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And, last but not least, there is the problem of refugees. Under the Taliban the economy collapsed amid sanctions and the removal of foreign aid (most of the previous government’s budget), causing Afghans to flee the country in large numbers.

Many have headed for Iran, which already hosts about 3.5 million Afghans. For years Iran deported huge numbers, and 2022 has so far been no exception, with 460,000 returned in the first half of the year, an increase of 42,000 on 2021, and far more than Pakistan’s 46,000.

Afghan refugees are not popular in Iran and have for a long time been subject to abuse and discrimination. This xenophobia rose to the surface in April when a man who was initially believed to be Afghan stabbed three clerics in the city of Mashhad.

He later turned out to be Uzbek, but his supposed Afghan nationality led to calls for all Afghans to be expelled from Iran. They are already a marginalised group, and have allegedly been conscripted to fight in Syria as part of Iran’s Fatemiyoun Brigade.

Almost a hundred Afghans were shot at the Iranian border in the first six months after the takeover. Iran’s harsh behaviour has stirred controversy in Afghanistan. Soon after the stabbing in Mashhad protests erupted outside the Iranian consulate in Herat.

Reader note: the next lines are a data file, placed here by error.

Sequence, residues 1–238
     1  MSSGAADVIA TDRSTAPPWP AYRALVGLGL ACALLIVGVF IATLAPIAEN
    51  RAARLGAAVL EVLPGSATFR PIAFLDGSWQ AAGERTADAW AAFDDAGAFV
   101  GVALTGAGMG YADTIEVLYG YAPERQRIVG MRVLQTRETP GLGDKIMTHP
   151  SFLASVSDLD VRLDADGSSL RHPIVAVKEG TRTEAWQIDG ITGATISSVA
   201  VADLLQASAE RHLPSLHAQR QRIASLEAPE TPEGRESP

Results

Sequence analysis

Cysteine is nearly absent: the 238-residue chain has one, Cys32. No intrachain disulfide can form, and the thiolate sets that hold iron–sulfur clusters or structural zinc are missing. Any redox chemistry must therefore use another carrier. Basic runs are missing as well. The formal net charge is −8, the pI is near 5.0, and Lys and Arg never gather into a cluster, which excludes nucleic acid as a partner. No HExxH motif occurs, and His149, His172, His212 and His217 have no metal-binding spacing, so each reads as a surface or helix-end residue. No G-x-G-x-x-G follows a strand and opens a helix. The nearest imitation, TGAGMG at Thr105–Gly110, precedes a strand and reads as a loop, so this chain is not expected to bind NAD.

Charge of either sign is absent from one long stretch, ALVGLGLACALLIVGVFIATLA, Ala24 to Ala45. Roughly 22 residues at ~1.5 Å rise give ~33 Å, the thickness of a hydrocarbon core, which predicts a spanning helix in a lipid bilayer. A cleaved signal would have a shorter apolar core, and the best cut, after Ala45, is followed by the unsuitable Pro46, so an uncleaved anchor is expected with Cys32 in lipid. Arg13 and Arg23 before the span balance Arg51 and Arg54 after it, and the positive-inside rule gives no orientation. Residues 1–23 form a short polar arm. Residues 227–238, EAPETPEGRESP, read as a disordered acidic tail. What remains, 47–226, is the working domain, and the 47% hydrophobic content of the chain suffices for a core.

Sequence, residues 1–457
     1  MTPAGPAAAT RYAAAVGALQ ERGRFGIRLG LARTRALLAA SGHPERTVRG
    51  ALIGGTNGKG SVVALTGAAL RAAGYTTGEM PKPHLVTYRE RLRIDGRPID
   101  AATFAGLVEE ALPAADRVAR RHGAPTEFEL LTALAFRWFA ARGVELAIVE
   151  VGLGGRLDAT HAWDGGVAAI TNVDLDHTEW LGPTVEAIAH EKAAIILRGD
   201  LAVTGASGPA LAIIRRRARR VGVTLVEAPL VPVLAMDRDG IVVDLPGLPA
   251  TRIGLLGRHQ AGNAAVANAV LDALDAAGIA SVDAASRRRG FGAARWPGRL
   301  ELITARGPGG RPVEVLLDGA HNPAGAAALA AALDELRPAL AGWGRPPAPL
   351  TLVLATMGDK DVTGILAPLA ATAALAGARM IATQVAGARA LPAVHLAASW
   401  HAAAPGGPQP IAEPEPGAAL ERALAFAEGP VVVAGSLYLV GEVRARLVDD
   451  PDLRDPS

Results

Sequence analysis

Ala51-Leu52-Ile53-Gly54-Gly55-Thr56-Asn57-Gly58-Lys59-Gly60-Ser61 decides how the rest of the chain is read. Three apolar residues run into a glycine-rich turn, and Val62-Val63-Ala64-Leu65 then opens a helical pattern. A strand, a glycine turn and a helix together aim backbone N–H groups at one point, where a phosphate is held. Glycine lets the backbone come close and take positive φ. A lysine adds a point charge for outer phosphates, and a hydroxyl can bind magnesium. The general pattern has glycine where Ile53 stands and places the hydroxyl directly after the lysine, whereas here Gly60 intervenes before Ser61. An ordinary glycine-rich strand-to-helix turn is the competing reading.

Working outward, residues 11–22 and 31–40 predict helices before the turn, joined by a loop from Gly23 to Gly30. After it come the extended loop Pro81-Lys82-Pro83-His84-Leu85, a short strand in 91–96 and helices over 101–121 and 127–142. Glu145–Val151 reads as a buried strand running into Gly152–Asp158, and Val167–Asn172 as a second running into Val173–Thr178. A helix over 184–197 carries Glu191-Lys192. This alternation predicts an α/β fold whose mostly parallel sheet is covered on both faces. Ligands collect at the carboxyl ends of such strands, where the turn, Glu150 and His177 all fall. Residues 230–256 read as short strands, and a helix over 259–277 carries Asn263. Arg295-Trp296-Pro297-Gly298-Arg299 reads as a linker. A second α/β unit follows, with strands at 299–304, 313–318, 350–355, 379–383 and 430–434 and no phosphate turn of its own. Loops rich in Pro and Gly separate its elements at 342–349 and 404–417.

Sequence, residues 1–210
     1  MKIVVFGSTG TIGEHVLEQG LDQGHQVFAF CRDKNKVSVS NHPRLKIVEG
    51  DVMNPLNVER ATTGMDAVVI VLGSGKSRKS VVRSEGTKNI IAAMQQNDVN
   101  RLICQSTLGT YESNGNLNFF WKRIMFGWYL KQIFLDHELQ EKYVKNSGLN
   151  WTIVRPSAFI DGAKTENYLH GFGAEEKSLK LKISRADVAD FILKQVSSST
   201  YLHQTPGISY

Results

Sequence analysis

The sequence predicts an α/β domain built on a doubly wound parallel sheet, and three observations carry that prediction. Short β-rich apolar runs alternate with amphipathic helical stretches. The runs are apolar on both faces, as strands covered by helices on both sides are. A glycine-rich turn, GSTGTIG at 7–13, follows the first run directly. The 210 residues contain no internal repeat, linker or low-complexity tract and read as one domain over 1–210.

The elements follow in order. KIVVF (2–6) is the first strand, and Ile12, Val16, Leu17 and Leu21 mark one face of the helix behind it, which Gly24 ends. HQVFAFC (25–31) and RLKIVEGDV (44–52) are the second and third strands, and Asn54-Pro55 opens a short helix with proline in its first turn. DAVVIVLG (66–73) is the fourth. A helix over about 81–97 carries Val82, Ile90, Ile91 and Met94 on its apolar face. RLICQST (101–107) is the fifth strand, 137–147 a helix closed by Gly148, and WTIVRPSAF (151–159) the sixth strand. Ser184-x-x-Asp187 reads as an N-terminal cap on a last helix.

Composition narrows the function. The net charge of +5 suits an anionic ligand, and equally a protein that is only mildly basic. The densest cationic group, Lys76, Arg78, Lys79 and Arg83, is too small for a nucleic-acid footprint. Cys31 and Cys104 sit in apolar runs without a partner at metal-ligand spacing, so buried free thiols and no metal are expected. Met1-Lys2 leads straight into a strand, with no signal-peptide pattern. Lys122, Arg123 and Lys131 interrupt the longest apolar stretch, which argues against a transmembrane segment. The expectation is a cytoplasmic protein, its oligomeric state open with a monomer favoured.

Increased tensions

Tensions along the land border have escalated dramatically this year, as Taliban fighters regularly clash with Iranian guards, a phenomenon not seen to such a degree under the previous Afghan government. 

Trade has also suffered under the Taliban. The previous Afghan government managed to improve economic ties with Iran. In 2016 the two signed an agreement with India to route goods through Iran’s Chabahar Port, bypassing Pakistani territory. 

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By 2020, Iran accounted for about 70 percent of Afghanistan’s transit trade and had risen to surpass Pakistan as the country’s top trading partner. But it has now fallen back to second place, in large part due to a sharp drop in fuel imports

On the plus side, there is hope for an international consensus on Afghan issues. Iran’s wariness of the Taliban is shared by other regional countries, such as China, which is clearly dismayed by the group’s policies and has also declined to recognise the regime. 

This common ground means a coordinated multilateral approach is possible, especially because Iran’s interests in Afghanistan also overlap with those of the US and western countries when it comes to terrorism, drugs, refugees, and even inclusive governance. 

But the situation is bleak. The Taliban takeover has ushered in a tense period for Iran-Afghan relations where prosperity and harmony will be hard to come by. For Tehran, as for Beijing and others, Afghanistan is a problem to be managed, not an opportunity to exploit.

The views expressed in this article belong to the author and do not necessarily reflect the editorial policy of Middle East Eye.

Rupert Stone is an Istanbul-based freelance journalist working on South Asia and the Middle East